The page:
And that means the “illustrative delegate chart” is a woeful representation of the true state of the race.  Biden is in much better shape than that chart represents.


BTRTN PREDICTIONS

Our BTRTN prediction is that Joe Biden will win the most delegates in the March 10 primaries.  Biden will post easy wins in Michigan, Missouri and Mississippi; the western states will be far closer, but Biden will squeak out wins in each of Washington, Idaho and North Dakota.  But given proportional allocation of the delegates, whether Biden or Sanders wins the western states is immaterial as long as the race is close.   

Based on the Super Tuesday results, one might have expected Biden to do very well in the southern states, Missouri and Mississippi, while Sanders would take the western states, Washington, Idaho and North Dakota.  Michigan would be the close one, with the most delegates at stake and the most insight for the future Midwest battles.

But the polls, as noted above, have been pretty unambiguous with respect to Michigan – four recent polls all show Biden trouncing Sanders by margins ranging from +15 to +39 points.  That is an awful sign for Sanders.

Sanders and his supporters, however, can (and do) point to this exact same race four years ago.  Hillary Clinton dominated the Michigan polls – by anywhere from +13 to +37 points – and yet lost to Sanders by -2 points in the primary.  This is worth noting, but, perhaps stubbornly, we are sticking with the polls on this one.  One interesting note – in 2016, even though Sanders won Michigan, he ended up losing in the delegate math to Clinton that day, as she won Mississippi, the only other primary that same day, by an 87/13 margin, enough to easily overcome the close Michigan loss.

(We now have checked into why the polls in Michigan were so wrong in 2016.  One persuasive theory put forward back then was that the polling turnout projections were derived from the 2008 Michigan Democratic primary.  But that primary was marred by DNC Chair Howard Dean's punishment of Michigan for moving up the timing of its primary without permission.  As a result, Barack Obama did not even enter the primary, and vote turnout was low -- particularly among younger voters.  Hillary Clinton won easily in 2008.  And so in 2016, the pollsters did not account for this artificial dampening of the youth vote -- Sanders' core -- and they were thus underweighted dramatically in the polls.  Of course, in the actual primary they came out to vote for Sanders in higher number, enough for Sanders to win.  This error would presumably not be repeated in 2020, as pollsters would base their weightings on 2016 results -- thus the current polls are likely more accurate than in 2016.)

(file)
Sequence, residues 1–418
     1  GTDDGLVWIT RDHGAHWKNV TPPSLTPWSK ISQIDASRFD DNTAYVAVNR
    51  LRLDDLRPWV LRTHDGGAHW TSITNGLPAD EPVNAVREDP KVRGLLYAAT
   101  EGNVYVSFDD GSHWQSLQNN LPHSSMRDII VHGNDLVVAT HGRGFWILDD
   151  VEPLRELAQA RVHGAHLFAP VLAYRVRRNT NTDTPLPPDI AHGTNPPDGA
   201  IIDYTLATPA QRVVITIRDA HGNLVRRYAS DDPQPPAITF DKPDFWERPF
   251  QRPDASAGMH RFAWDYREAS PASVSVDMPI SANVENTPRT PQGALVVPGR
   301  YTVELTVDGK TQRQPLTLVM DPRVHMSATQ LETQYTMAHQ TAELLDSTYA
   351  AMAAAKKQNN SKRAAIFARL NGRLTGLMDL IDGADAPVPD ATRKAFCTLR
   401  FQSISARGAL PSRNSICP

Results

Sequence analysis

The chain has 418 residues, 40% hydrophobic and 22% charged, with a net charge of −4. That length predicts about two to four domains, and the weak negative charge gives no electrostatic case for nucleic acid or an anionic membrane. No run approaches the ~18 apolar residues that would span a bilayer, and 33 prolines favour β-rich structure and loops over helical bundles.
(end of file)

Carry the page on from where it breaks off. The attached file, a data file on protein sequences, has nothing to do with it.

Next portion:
The Missouri and Mississippi polls confirm a Biden rout.  There have been three polls in Missouri, two showing large leads for Biden and one a much closer race with Biden holding a single-digit lead.  The one recent Mississippi poll shows Biden ahead by the same order of magnitude as his lopsided win last week in neighboring Alabama.

But the Washington polls are not confirming Sanders’ western strength.  Two polls there show a close race, with Biden ahead in each, by +3 and +1.  Those polls were from immediately after Super Tuesday (each included Warren), and thus might not account for the Biden momentum since then (as evidenced by the polls in other states).  On the other hand, Warren’s departure could help Sanders, if only modestly.   There have been no polls whatsoever in North Dakota and Idaho.

It seems clear Biden will win Michigan, Missouri and Mississippi.  The fate of the western states is far less clear.  At this juncture, we think the momentum is in Biden’s favor, and therefore are calling a sweep.  But, as you can see, in very close races it hardly matters who wins or loses, since the delegates are allocated proportionately.  Close wins do not close large gaps, and thus Biden’s large wins in Michigan, Missouri and Mississippi will carry the day.

March 10 Primaries
Vote %*
Delegates
State
Delegates
Biden
Sanders
Biden
Sanders
Michigan
125
57%
42%
71
53
Washington
89
50%
48%
45
43
Missouri
68
59%
39%
40
27
Mississippi
36
72%
27%
26
10
Idaho
20
50%
48%
10
10
North Dakota
14
50%
48%
7
7
Total
352


199
148
* Figures do not as to 100% as some votes will go to Gabbard or others


WHAT NEXT?

A week from tomorrow, March 17, will bring another set of primaries of mega-importance:  Florida (219), Illinois (155), Ohio (136) and Arizona (67).

Florida appears to be in Biden’s pocket; the one poll there has him ahead of Sanders by a 61/12 margin, and this was fielded on Super Tuesday and the day after, so it did not reflect the full impact of those results.  There is no recent public polling in each of the other states. 

The main events that could influence a potential Biden sweep are, of course, the results tomorrow going more Sanders’ way than expected, and the March 15 debate, the first head-to-head match-up between Biden and Sanders.  Sanders is obviously the better debater, and if he can rout Biden at the podium, that could turn around his campaign.